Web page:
University of Minnesota Data Science M.S. Program Ranked Third in Nation
Original article by Meghan Malas, Fortune Education
Data science is one of the fastest growing fields today with job openings for this role growing 480% since 2016, according to Glassdoor. Companies and organizations of all sizes and industries are seeking data-savvy professionals that can create value from the massive volumes of data available. To meet this steep demand, schools are unveiling more degree programs in data science.
Drawing on a wide grange of perspectives—ranging from software development to story-telling—data scientists must be versatile to be successful. And data science students often land six-figure salaries after graduating from master’s degree programs. While getting a master’s degree isn’t the only way to break into this red-hot field, it is a direct and promising avenue.
Just ask Miguel Miguélez Díaz, a business intelligence engineer at Amazon who received his job offer months before he graduated in May 2022. At the University of Minnesota, where Miguélez pursued his master’s degree in data science, about 90% of data science program students find employment before they graduate. The university landed No.3 on Fortune’s ranking of the best master’s degree programs in data science.
To learn what makes a master’s degree program in data science worthwhile, Fortune spoke with Miguélez and two professors from the University of Minnesota.
Data scientists with in-depth knowledge are in high demand
In 2017, Miguélez was working as an intern at a consulting company, finding ways to reduce costs and maximize profits for different companies. It was during that experience that he started to utilize elements of data science in his analysis—and it proved to be so beneficial that he wanted to learn more.
While his bachelor’s degree in industrial engineering prepared him for his consulting job, if he wanted to do more in-depth analysis—and get more robust results—he knew he had to update his skill set. This is a common thread among students in a master’s degree program in data science.
“There is a very recent trend to create many undergraduate degree programs in data science to satisfy the demand for data scientists,” says Daniel Boley, a professor of computer science and engineering and director of the data science graduate program at the University of Minnesota. “But since data science is such a fast-evolving field with many new experimental methods proposed every year, many industries will still seek the maturity and deeper skills that come with a graduate degree.”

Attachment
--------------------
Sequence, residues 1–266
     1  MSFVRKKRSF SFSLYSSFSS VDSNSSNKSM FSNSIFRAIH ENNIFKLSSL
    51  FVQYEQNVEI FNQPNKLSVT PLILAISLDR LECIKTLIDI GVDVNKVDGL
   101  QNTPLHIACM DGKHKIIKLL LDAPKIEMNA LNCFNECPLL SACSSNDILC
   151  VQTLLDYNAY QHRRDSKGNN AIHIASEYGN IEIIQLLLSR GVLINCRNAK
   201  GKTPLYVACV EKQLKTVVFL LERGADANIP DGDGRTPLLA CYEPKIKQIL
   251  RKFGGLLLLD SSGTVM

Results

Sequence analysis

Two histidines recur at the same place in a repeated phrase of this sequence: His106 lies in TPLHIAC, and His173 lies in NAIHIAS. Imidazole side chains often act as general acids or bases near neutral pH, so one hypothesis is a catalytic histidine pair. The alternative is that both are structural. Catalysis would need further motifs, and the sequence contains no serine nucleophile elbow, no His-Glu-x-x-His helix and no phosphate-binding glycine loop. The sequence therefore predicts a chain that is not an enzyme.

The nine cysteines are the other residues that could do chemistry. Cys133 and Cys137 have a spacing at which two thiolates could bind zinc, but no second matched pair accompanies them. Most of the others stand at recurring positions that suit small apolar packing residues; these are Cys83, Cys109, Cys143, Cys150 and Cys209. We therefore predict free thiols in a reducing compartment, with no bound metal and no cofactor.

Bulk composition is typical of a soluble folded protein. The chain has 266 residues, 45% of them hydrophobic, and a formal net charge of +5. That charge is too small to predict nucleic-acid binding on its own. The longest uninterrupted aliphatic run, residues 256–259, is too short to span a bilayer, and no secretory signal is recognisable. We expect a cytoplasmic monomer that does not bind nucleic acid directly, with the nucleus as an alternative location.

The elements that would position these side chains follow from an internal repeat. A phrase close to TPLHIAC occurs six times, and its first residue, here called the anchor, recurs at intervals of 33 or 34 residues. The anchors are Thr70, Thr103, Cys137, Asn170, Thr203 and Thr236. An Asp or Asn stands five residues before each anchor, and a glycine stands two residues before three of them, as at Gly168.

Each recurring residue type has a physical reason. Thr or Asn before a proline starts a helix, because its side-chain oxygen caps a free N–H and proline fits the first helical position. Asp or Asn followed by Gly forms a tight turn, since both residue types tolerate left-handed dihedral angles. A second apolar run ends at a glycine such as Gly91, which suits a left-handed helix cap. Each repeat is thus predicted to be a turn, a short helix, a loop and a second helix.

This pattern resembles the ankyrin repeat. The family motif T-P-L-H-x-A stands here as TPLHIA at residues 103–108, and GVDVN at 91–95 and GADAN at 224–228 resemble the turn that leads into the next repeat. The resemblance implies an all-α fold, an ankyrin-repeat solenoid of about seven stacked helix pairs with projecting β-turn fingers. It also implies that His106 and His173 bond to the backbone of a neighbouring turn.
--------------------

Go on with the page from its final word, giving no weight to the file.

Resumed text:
Even managers are seeking to understand the discipline so they can more effectively wield the power of data. A master’s degree program helps professionals focus on the capabilities and application of data and technology—which includes the use of artificial intelligence (AI) and machine learning.
“Many successful methods in AI and machine learning are data-driven and hence, inseparable from what could be thought of as data science,” Boley says. “The methods may evolve, but data will continue to be the basis for advances in machine learning, AI, and data science—practitioners who know how to handle and analyze data will continue to be in demand.”
An undergraduate degree program in data science can grant a student a highly in-demand skill set, but insight from the work experience a student has before pursuing a graduate degree in data science is immensely valuable.
“In a master’s program, students learn how to translate actual real-world problems into technical solutions much more efficiently,” says Jaideep Srivastava, professor of data science and director of undergraduate studies at the department of computer science and engineering at the University of Minnesota. “The demand for data scientists has been increasing, but nowadays, a data scientist’s depth of experience and knowledge is becoming more of a focus.”